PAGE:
THEATRE REVIEW: Betrayal starring Tom Hiddleston & Zawe Ashton at the Harold Pinter Theatre

WORTH A LOOK?: ***

WHERE? Harold Pinter Theatre RUNTIME: 90 minutes (no interval)

WHEN? 8/3, opens 13/3, runs to 1/6/19 STOP PRESS: now extended to 8/6

A female voice sings a slowed-down and stripped back version of, we think, Depeche Mode’s Enjoy The Silence at several moments during this methodical revival and it’s the best in-joke of an understated evening.

  • Read on for reasons including how the audience is queuing around the block to see Tom Hiddleston at the stage door

Author Harold Pinter is renowned for the elongated dramatic pauses in his work adding to its comedy of menace and we’ve enjoyed rather a lot of them during the seven-strong Pinter at the Pinter season at this venue which shares his name.

Betrayal was the author’s 7th full-length play, written in 1978 and was inspired by Pinter’s affair with BBC presenter Joan Bakewell.

It is the story of Robert (Hiddleston, predominantly buttoned up and inscrutable) and how he is betrayed by his best friend (Charlie Cox, extremely likeable) and his wife (Zawe Ashton, always reliable and the pick of the bunch here).

It’s told backwards – so the action begins with Cox and Ashton raking over the coals of their 7-year affair which is now over. We meet them and Hiddleston at crucial points in the course of the affair, moving backwards to the point where it began.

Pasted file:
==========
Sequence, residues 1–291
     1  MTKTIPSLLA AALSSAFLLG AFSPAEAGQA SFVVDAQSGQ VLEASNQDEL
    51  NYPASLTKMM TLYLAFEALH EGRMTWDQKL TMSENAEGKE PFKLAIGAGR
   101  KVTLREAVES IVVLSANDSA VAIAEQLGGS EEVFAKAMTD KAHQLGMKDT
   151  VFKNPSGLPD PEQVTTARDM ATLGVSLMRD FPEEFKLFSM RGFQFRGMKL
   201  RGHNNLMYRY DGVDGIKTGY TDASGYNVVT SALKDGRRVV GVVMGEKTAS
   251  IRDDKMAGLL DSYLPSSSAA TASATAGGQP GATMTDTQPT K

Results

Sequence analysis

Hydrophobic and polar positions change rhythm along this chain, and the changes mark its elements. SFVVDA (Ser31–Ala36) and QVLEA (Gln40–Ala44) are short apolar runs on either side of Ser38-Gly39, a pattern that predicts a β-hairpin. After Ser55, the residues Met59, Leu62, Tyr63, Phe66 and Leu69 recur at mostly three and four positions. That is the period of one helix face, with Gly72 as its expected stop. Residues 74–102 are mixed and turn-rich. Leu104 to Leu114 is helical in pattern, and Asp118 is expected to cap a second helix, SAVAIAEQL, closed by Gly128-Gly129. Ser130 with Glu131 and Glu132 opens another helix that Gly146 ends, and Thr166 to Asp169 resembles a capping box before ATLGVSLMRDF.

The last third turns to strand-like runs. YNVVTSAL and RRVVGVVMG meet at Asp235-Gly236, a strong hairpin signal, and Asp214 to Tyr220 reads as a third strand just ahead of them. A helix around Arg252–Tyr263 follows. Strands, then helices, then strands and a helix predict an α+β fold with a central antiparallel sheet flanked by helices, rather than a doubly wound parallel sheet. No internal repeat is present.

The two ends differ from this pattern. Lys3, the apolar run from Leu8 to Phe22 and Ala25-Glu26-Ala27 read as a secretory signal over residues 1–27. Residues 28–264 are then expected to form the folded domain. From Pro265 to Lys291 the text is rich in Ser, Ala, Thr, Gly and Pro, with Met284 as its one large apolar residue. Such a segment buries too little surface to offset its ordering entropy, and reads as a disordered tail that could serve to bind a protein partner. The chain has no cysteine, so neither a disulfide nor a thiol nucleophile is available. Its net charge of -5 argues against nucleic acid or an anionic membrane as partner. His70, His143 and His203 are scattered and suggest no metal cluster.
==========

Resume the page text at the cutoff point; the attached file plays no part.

The play considers different betrayals between the trio as we learn that Ashton lies to Cox about when she confessed to Hiddleston’s Robert and that he too has been unfaithful.

It’s 90 minutes without interval and the pace is languid, performed well and full of the stylistic elements that Pinter lovers will enjoy. We’re in row 8 and the most effective emotional moment occurs when the previously stiff Hiddleston’s eyes glisten with tears we can see clearly. It’s perhaps a betrayal of how he really feels without ever otherwise letting on.

We’ve marvelled previously at the inventive nature of director Jamie Lloyd’s previous work (one featuring Ashton memorably) and there’s little here that’s visually as arresting.

We loved the Pinter that preceded this starring Danny Dyer and Martin Freeman but this doesn’t quite hit those heights and ends the Pinter at the Pinter season with more of a fizzle than a bang.

That seems to matter little however to the predominantly female line outside the theatre stage door at the end of the show stretching far into the night waiting to greet Night Manager star Hiddleston at curtain down.

  • Picture via Facebook courtesy Pinter at the Pinter. Tickets
  • Enjoyed this review? Follow its author on Twitter @NeilDurham, email neildurham3@gmail.com and check us out on Instagram and Facebook

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